Spousal support is intended for a limited duration of time. The intention behind spousal support is to assist the lower income earning spouse with some financial support for a transitional period of time.
The term “spousal support” is for married couples who are separating. The Divorce Act governs the issue of spousal support for married couples. For unmarried couples the term is referred to as partner support or adult interdependent partner support and is governed by the Alberta Family Law Act or the Adult Interdependent Relationships Act.
Spousal support, unlike child support, is not an automatic entitlement. The spouse seeking support is required to show entitlement which usually arises in the following types of situations:
a) Where the relationship caused an income-earning disadvantage for a spouse, such as where one spouse’s career was put on hold for the other spouse or for the benefit of the family; and
b) where there is a significant reduction in the standard of living of a spouse.
The court looks at many different factors when deciding if a spouse is entitled to spousal support and in determining how much and for how long. Some of these factors include:
a) length of the relationship b) the roles each spouse had in the relationship c) the education, health and age of the spouse seeking support d) the amount of debts and assets of the relationship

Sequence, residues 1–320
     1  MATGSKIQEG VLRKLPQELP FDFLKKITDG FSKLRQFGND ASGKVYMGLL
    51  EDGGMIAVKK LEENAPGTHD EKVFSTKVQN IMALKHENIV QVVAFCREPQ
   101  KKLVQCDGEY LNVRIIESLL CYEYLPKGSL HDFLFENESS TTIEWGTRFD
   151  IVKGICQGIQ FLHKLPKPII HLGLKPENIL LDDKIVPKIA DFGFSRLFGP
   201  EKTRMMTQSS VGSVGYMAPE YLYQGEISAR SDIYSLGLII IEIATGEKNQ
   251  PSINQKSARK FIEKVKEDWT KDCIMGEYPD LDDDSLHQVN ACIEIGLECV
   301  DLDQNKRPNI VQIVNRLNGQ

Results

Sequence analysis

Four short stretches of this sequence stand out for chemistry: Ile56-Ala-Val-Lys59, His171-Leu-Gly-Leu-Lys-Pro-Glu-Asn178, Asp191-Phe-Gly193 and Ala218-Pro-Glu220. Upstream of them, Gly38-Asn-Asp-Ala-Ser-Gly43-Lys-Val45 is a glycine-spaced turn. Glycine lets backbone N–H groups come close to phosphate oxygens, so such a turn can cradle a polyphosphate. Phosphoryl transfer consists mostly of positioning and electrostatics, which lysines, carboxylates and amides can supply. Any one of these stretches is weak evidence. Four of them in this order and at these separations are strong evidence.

Unlike child support where payments are legislated, there are no spousal support guidelines...only advisory spousal support guidelines. This means that ultimately the judge has the final decision on whether spousal support is warranted and if so how much and for how long. The judges in Alberta do not have to follow the advisory spousal support guidelines and can rely on the facts of the case in making a decision.
What other issues do I need to know about spousal support?
a) spousal support is taxable to the receiver and deductible to the payor. b) lump sum spousal support is not tax deductible and does not have to be claimed by the receiver; c) support may be for a limited period of time and end on a certain date; it can be reviewed at that time depending on the wording of the court order or separation agreement.